Emilie: Yes, absolutely the rest of my life… unless I make the decision not to be here anymore, which I would respect in myself or other people to say “Ok, I’m done with this; I don’t want to live this way”. This because the side effects of the medication are arguably absolutely as bad as the disease and not being medicated.1
MB: Did your stay in an institution alter your perception of psychiatry?
Emilie: My perception of everything! I was a completely different person when I came out, and that’s how it all happened.
On the bright side, it gave me an amazing story to tell, which is why I have the honor of being able to be sitting here with you and be thought of as a somewhat interesting enough person to talk to you, which is amazing for me because I don’t think of myself that way. But this is why we’re here.
It’s something that’s so much bigger now, because it is more real than, you know, a girl wearing corsets and writing songs; it’s about this whole asylum reality.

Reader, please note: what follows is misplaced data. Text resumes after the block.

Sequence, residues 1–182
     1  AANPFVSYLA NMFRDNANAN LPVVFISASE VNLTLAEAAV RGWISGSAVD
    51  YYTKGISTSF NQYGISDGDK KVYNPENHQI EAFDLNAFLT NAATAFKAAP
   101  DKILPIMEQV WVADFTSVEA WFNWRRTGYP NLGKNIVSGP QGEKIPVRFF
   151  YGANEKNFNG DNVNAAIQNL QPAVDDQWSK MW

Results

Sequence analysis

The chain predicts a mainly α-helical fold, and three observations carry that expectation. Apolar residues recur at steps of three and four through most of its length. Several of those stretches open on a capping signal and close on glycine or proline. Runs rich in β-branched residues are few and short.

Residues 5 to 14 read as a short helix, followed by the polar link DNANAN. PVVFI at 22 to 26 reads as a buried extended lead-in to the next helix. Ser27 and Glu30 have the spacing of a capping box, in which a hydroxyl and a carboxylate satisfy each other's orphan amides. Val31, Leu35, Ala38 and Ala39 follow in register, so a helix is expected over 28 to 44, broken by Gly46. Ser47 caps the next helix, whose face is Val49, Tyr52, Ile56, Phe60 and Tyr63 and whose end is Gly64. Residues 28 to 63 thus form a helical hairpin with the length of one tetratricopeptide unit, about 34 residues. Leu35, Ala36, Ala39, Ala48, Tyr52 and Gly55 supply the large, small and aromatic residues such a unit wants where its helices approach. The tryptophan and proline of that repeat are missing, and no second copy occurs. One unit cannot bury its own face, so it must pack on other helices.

MB: Does it worry you that some fans may simply see you as “a chick with a corset, it seems kind of fun”?
Emilie: Actually, it doesn’t. Even if they did, I would have no problem with that. I think that the vast majority of Plague Rats understand… well, I think that there are different levels. There are the real hardcore Plague Rats that probably really identify with this very closely, so they probably have many experiences in common, as they’ve told me a lot of times. It’s very difficult and sad to say, but they’ll come to me and show me scars in their arms, so I’ll make a deal with them and tell them “Look, I’ve got those too, but I’m not doing this anymore, because I’ve managed to find an outlet, and you can also do this”, so we make a deal and shake hands like “You take care of yourself, I’ll take care of myself”. When we shake hands on it we then have a responsibility to each other, so they don’t forget that I won’t be OK if they’re not OK. I hope that that means something to them.